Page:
Why is success defined differently depending on your zip code? What happens to communities that define success for their young people by how far away from the community they can get? How can we redefine success so that our young people understand how important they are to the project of improving the conditions in our communities? This talk focuses on reminding young people how important they are to the pursuit of justice and freedom for all people. Drawing from Tupac Shakur’s concept of “unconditional love”, this talk challenges the double standard that is frequently used to define success in this country. It challenges poor and working class youth to redefine notions of success that encourage them to “escape” their communities, distancing themselves from the struggles of their communities while simultaneously increasing resources in communities that are already well resourced. Using a range of popular cultural frameworks, the talk presents a new definition of success for young people in our country, one connected to changing the conditions of inequality that regularly crush dreams and squander the potential of this nation to be truly democratic and socially just.
"I would like to thank you for your gift (knowledge) at the recent conference Tuia Te Ako. Having seen you first at Social Justice Education Symposium (Te Aroha College) I have used your stories (you and students) to promote a critical literacy student centered pedagogy (Freire). And now having seen a second presentation of yours, it has added to my own self and professional development. The wealth of knowledge that you share is inspiring. I look forward to the many gifts that you will share in the future. So thank you thank you thank you."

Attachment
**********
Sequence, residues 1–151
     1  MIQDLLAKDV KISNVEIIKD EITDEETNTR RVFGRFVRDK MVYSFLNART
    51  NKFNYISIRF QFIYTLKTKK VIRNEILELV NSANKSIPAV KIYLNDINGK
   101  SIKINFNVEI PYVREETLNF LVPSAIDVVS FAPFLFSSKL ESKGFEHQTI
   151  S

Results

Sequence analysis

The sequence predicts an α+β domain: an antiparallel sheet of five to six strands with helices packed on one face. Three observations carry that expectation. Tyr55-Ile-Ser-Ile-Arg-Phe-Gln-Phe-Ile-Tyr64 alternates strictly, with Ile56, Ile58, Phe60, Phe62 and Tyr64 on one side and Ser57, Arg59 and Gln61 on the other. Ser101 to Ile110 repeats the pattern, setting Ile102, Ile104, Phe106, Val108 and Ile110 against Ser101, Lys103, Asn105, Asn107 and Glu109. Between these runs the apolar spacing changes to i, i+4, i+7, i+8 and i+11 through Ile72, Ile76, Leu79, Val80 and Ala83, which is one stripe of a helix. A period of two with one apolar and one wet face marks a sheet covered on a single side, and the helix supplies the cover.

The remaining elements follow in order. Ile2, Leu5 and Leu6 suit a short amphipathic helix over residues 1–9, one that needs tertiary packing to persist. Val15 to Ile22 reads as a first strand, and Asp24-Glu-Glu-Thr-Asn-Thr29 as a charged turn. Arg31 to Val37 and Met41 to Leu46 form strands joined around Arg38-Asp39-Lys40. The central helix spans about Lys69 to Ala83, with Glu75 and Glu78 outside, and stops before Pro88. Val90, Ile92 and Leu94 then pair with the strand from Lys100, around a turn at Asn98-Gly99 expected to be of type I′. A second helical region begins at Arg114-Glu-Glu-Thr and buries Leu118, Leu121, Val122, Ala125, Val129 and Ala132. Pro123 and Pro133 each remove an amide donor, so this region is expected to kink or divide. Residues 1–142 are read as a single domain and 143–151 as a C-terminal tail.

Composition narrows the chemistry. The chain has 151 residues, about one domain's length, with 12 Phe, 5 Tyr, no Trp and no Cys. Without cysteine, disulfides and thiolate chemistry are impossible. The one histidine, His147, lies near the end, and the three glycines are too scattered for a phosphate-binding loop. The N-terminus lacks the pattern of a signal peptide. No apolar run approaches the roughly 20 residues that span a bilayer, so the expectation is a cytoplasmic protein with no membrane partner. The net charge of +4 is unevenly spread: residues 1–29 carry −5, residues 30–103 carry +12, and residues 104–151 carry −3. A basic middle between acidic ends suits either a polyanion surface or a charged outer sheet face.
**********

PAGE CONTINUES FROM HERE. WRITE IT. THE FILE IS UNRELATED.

"I got the chills listening to your TED talk. Listening to the resilience many of your students continue to have to succeed resonated so much! I want to thank you for the work your doing, truly it is empowering, especially the way you're delivering it in. In a time of uncertainty for me, your talk gave me a recharge."
"I was moved by your speech and I find myself in tears. You are a true, fine example of what our nation needs for our youth to show them that you care every day even if they don't want you to. I, obviously, am not exposed to urban youth or violence in our area but we do struggle with a vast socioeconomic gap, the haves and the have-nots. You were incredibly inspirational to me and again, I thank you for being in my life for one amazing hour."
"Even at the age of 22 when I read your words I knew that I too had to do something about the educational system and its strict structure of success. As I've gotten older and experienced life, as well as life within the walls of low-income schools, I find myself now in my 4th year of teaching having the deepest burning desire to follow in your footsteps. You are the first person I have as a role model and "hero" that I don't actually know in real life. I'm currently sitting at my desk unable to put the book down because it speaks the ugly truth and that is what makes it so beautiful to me. I figured out the game that education plays and I refuse to become part of the system as an educator. I have been put on this planet to fight for the opportunities ALL students deserve."